The extracts derived from the leaves and root of stinging nettle plant are popular in body building these days because they seem to have testosterone benefits. So, does stinging nettle really boost testosterone? Although the evidence is mixed, initial research confirms that it can lower sex-hormone binding globulin (SHBG), a protein that binds to and transports testosterone and estrogen, and possibly increase prostate health.
Now let’s first take a look at some of the facts about testosterone. The production and release of this hormone plays an important role in the puberty in both men and women. On the one hand, boys have low testosterone level before the puberty onset happens and the level increases during puberty to cause body changes. On the other hand, girls have measurable testosterone too but amounts are much less than boys. While this androgen is responsible for the development and maintenance of male physical traits and sex drive, it helps women keep sex drive, mood, energy levels, and bodily functions working smoothly.
Stinging Nettle (Urtica dioica) has long been used in traditional herbal medicine for a variety of ailments. As a health tonic, it softens hair, treats allergy symptoms, purifies the blood, improves metabolic efficiency, stops bleeding, improves cardiovascular health, and more. When it comes to being a natural testosterone booster, it is less well known. However, it does not necessarily mean that this herb is less effective on raising t levels.
Numerous studies have been done to analyze the chemical constituents of nettle and so far more than 50 of them have been found. The typical ones include starch, gum, albumen, sugar, resins, histamine, acetylcholine, choline, serotonin, oleanol acid, sterols, steryl glycosides, scopoletin, secoisolariciresinol, neo-olivil, homovanillyl alcohol and more. These active constituents make nettle own amazing medicinal value on treating arthritis, nighttime urination, nosebleeds, hair loss, and so on. So, how does stinging nettles benefit for boosting testosterone? According to the research, this herb can help it from at least two ways.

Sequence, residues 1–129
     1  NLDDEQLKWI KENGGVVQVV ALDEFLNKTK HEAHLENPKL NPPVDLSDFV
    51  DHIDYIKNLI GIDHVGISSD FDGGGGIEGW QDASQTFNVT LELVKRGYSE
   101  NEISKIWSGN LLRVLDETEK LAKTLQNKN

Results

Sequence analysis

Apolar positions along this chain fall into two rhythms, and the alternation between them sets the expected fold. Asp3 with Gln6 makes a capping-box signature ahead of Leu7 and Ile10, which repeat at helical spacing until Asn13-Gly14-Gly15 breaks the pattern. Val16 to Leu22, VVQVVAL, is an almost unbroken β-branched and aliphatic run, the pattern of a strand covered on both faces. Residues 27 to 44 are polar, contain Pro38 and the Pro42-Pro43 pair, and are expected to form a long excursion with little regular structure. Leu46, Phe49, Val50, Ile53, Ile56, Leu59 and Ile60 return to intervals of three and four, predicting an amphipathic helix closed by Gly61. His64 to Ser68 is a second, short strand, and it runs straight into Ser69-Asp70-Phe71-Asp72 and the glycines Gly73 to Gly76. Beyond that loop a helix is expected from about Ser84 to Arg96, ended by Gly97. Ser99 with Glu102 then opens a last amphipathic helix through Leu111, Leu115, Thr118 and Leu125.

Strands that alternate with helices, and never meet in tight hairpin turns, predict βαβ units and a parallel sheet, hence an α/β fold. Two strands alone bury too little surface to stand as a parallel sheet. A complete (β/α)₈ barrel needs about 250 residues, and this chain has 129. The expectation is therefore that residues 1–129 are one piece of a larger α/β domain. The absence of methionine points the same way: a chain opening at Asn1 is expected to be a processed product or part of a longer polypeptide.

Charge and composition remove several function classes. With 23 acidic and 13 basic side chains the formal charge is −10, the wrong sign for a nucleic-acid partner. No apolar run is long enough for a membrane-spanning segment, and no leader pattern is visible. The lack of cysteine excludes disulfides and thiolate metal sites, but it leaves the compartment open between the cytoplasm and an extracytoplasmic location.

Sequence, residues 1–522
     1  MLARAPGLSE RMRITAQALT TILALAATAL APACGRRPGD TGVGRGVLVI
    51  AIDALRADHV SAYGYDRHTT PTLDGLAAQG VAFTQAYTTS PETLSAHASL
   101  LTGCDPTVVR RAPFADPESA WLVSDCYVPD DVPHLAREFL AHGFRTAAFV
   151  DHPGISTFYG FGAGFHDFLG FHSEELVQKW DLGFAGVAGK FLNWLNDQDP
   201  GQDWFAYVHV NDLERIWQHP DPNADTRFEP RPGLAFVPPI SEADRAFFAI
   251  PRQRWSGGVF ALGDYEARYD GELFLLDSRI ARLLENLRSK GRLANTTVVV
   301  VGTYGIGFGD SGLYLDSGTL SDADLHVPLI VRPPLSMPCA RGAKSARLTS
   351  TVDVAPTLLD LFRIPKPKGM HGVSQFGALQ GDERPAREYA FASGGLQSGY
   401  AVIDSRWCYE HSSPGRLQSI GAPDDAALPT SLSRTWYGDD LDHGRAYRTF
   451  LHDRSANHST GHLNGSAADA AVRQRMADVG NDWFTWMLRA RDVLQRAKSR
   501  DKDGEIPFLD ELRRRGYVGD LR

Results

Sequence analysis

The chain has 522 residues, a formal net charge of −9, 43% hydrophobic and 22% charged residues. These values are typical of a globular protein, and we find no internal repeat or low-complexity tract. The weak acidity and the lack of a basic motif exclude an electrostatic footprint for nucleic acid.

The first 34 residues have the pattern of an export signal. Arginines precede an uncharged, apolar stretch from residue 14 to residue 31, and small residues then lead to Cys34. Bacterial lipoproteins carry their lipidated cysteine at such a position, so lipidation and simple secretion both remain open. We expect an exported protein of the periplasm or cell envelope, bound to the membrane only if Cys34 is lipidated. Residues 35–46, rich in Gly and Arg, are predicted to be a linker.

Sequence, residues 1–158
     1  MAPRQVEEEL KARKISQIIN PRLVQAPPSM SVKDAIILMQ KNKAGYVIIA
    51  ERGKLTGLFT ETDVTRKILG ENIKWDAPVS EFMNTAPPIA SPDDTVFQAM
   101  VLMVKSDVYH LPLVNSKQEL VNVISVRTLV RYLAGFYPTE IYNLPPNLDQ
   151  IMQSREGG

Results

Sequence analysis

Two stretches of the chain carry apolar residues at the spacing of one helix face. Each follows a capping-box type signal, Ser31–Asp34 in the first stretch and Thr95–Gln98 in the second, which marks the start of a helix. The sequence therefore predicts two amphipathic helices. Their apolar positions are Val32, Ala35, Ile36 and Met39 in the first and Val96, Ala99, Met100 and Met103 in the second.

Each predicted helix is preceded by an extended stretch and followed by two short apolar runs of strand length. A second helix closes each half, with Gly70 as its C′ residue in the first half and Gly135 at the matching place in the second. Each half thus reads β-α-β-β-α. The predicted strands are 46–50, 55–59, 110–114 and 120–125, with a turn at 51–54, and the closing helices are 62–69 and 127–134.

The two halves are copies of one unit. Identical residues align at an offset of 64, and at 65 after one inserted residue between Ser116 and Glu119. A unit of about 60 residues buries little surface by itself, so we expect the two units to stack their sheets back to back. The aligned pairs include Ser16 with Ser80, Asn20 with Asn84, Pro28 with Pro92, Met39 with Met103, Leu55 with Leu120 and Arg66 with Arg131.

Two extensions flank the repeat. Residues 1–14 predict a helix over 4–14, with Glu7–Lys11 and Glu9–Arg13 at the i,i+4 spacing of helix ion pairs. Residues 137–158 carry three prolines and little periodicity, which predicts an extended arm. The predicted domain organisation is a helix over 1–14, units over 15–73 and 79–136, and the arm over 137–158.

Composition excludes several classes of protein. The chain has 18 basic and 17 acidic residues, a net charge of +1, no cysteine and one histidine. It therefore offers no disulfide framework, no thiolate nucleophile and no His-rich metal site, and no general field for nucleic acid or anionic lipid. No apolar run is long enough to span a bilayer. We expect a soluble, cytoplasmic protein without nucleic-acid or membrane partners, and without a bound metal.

On the one hand, the six isolectins found in the seeds, rhizomes, and roots of this plant have to be first mentioned here. By the way, the six isolectins are not found in the stems and leaves of nettle, according to the research. Collectively referred to as U. dioica agglutinin (UDA), six isolectins are considered to be one of very important pharmacological findings. As mentioned at the beginning of this post, UDA can inhibit t from binding with SHBG, which means a lot in boosting testosterone levels because the body will get more bioavailable testosterone for that reason.
On the other hand, nettle can impact the conversion of testosterone to DHT, a by-product of testosterone. This conversion must be done with the help of an enzyme called 5-alpha-reductase. The good news is that nettle can inhibit the production of this enzyme. As a result, this function makes sense to increase testosterone levels. By the way, it provides other health benefits too since it is generally known that DHT is a hormone with powerful androgenic properties and it is involved in the pathogenesis of hair loss and benign prostatic hyperplasia (BPH).
The recommended dose of stinging nettle (root) is from 300 to 360mg a day, according to the patient’s age, health, and several other conditions. However, always be guided by a doctor or other healthcare professional before using although it is considered safe. By the way, the same applies to other testosterone boosting natural products like milk thistle and fenugreek.